The Great Resignation isn’t just away from employment.
The pandemic affected us globally in many ways, and whilst its effects are both ongoing and yet to be seen, especially in the case of its impact to mental health, one of the most significant changes it forced was our relationship to work. Many of us have been reconsidering what work means to us, how we want to work, and who we’re working with.
In employment, we’re seeing increasing numbers of people choosing to step away from roles which aren’t right for them, away from employers that aren’t supportive, behave badly, or just don’t motivate individuals in the role, and we’re seeing significant challenges in organisations struggling to hire people in to roles which are underpaid and undersupported.
This is not only a shift in the employment market. Recent data from the UK government is seeing people leaving self-employment and freelancing too, across a range of levels of seniority. In the last two years, there’s been a 31% drop in senior level freelancers, professional occupations saw a 15% drop, entry level roles saw a decrease in 25% of people filling self-employed ways of working.
In fact, the number of self-employed people working for themselves has shrunk from 3.5 million to 2.9 million between the start of 2020 and the start of 2022. That’s over 600,000 people walking away from self-employment.
The reasons behind this shift are plentiful — and include challenges such as changing legislation and complexity around IR35, changes in NI and Corporation Tax rates, continuing uncertainty around the economy, and for many of our community who have moved back into employment, a simple desire to have some more security.
For many, the reasons are simply exhaustion. Being fed up with how freelancers can be mistreated, forgotten, disrespected and dealt with as nothing more than ‘human resource’. As anyone who has been self-employed, dealing with issues like late payments, ghosting, overburdensome contracts, dropping rates, dealing with rejection, and lack of support and investment in freelancers — it can all start to get a little too much.
This shift in people away from independent work should be a wake-up call to both government and industry — especially the creative industries.
If you feel concerned about not being able to hire people in perm roles, imagine not being able to find talented people to fill those seats temporarily, or not being able to bring in specialists to augment your team’s skillsets, not being able to build a team for a project you are about to run, or outsource particular tasks to people brilliant at the job on demand.
Many sectors, the Creative Arts sector, Advertising and Marketing and Film and TV sectors, for example, rely upon being able to hire in skilled workers to build a team for a period of time, to deliver brilliant work. Over 50% of the creative industry is freelance. Freelancers are the secret super power of many agencies and production businesses. If you need to supercharge your client work with something you don’t have in house, find a brilliant independent specialist, and get the job done.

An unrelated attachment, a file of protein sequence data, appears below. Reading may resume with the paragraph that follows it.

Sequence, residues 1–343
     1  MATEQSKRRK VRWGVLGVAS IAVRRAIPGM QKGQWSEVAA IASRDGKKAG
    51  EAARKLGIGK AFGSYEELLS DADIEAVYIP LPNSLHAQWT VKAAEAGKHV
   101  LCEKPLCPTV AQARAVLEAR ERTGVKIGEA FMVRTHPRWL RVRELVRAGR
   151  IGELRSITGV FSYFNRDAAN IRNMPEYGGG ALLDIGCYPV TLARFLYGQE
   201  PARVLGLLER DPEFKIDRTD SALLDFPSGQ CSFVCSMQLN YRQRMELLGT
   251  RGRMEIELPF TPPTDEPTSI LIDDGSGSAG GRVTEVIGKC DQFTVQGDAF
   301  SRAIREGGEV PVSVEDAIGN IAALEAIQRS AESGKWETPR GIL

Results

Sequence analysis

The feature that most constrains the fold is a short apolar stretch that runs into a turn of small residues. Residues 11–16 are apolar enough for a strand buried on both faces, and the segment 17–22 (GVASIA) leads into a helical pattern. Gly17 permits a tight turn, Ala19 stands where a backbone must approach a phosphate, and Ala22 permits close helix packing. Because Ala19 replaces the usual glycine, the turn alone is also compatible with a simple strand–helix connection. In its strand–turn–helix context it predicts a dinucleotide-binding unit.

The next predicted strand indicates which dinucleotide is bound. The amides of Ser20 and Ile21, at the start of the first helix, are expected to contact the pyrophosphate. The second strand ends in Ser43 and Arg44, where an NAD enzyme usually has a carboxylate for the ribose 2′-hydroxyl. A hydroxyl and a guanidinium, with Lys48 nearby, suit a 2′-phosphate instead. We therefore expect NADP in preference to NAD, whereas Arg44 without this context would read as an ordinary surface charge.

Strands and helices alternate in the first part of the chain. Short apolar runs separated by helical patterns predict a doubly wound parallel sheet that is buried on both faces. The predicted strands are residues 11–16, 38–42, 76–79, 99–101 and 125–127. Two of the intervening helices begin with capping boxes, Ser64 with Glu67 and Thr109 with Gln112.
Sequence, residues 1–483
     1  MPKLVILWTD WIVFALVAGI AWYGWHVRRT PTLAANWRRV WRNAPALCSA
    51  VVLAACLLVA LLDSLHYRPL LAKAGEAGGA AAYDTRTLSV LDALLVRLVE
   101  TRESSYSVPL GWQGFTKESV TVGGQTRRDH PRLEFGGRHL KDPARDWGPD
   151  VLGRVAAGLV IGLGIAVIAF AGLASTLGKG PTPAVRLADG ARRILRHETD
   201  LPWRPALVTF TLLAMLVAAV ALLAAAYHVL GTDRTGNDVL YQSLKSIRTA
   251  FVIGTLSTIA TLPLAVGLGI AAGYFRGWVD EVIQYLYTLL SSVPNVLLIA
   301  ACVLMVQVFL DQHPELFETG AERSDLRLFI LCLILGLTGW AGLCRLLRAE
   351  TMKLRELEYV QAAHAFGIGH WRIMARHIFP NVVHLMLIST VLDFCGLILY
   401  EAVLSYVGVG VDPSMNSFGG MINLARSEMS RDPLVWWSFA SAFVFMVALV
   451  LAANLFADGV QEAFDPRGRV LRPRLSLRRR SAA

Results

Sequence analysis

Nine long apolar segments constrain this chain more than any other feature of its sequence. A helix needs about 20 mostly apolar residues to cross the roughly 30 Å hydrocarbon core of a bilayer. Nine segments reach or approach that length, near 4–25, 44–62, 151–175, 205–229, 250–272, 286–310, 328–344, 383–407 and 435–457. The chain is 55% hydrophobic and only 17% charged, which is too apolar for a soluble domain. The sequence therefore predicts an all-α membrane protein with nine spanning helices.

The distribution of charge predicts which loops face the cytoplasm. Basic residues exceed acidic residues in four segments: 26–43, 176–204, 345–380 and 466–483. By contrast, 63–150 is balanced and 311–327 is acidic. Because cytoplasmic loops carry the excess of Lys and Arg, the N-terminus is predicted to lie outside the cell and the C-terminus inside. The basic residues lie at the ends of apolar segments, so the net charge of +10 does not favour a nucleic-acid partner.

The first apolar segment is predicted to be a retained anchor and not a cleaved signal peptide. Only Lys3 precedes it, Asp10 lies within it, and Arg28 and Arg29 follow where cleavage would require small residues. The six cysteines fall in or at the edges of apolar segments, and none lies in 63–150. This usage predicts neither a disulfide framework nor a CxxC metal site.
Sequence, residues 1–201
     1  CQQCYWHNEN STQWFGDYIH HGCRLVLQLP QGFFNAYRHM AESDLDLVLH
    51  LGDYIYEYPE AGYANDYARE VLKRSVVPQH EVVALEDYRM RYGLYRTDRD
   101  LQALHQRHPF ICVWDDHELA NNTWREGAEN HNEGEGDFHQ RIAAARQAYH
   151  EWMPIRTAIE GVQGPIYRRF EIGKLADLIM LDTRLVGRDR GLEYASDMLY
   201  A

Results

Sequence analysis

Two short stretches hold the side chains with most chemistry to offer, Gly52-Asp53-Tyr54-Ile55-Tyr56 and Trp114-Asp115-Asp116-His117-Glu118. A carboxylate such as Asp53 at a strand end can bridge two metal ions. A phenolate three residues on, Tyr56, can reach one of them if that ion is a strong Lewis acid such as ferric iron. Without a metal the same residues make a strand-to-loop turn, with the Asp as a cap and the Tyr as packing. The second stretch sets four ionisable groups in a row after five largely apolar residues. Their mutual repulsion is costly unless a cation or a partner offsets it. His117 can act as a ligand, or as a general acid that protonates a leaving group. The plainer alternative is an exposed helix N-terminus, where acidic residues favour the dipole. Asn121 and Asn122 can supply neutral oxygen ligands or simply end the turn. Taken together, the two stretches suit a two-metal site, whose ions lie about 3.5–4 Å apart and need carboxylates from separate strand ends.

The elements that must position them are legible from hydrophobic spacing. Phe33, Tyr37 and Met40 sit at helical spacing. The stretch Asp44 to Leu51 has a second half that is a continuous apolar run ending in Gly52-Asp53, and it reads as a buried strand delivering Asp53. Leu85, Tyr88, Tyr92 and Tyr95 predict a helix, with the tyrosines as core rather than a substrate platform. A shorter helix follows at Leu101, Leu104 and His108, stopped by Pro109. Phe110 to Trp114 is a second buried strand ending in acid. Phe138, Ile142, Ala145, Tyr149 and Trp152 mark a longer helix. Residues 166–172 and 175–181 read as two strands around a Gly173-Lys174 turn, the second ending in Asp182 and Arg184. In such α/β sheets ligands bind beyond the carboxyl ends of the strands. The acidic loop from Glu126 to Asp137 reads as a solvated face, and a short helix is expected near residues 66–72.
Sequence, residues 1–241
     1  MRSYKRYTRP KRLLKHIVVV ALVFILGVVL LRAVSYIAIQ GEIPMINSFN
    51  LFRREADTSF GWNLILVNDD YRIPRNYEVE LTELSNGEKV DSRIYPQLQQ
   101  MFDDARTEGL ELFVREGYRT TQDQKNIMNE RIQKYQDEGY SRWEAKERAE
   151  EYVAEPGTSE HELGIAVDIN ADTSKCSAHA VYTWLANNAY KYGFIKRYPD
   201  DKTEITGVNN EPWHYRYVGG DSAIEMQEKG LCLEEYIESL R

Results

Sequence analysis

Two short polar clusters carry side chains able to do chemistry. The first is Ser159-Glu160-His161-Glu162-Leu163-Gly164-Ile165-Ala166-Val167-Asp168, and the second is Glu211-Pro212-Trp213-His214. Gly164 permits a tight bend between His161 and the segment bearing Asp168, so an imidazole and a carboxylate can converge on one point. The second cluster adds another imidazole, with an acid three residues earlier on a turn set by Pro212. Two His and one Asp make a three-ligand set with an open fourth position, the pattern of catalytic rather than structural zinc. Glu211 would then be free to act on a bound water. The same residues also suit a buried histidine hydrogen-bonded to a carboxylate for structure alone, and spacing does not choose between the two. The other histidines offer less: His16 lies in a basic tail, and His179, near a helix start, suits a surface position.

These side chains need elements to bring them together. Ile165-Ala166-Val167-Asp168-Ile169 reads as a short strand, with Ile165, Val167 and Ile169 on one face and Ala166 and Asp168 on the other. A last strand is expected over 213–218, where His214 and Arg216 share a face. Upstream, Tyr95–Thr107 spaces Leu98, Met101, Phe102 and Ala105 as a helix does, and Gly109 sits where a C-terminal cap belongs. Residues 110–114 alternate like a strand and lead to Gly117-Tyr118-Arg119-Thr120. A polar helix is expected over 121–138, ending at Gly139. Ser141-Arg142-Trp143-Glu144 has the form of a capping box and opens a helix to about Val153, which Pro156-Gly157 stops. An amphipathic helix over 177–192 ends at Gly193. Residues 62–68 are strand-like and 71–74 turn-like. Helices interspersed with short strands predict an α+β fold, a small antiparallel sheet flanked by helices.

A huge proportion of businesses rely upon freelancers being available and capable, and if they’re not — who you gonna call? Because if the talent isn’t there, your projects aren’t either.
This wake-up call needs addressing in two ways:
- Policy changes which address the lack of support for the self-employed, access to tax breaks for healthcare, training, parental, bereavement and sick leave, changes in legislation which make it less complex for employers to support freelancers without risk of IR35, and constructive conversation between government, the self-employed and employers on how we start investing in small businesses, as part of the UK’s economy.
- Employers changing their mindset on what freelancers are to their business — not seeing them as overflow or outsourcing, but a critical and valued part of their extended team, supported by onboarding, fair and timely pay, respectful communication and contracts, feedback and community, and training and development.
Leapers tries to play a small part in this.
We’re providing direct support to individuals who are joining and leaving the self-employed workforce, and trying to make it more supportive and sustainable by providing that network of community.
We’re part of ongoing conversations with cross-sector working groups who are aiming to tackle the gaps in support and structure for the self-employed.
And we’re working with agencies who want to work better together with freelancers, either by helping them provide signposting, resources and support to their freelancers, or developing their own internal policies and communities of freelancers who they can turn to and build relationships with.
It’s our fifth anniversary this year, and in many ways, it feels like we’ve made so much progress, yet at times, it feels like things are going backwards too. We can’t do this alone, we need to take a shared responsibility as an industry for investing in the now and the future of independent talent — else we might just find ourselves without anyone we can call upon.
Matthew Knight is an independent strategist, ex-head of strategy and innovation at Carat UK, and founder of Leapers, a project supporting the mental health of freelancers and the self-employed. www.leapers.co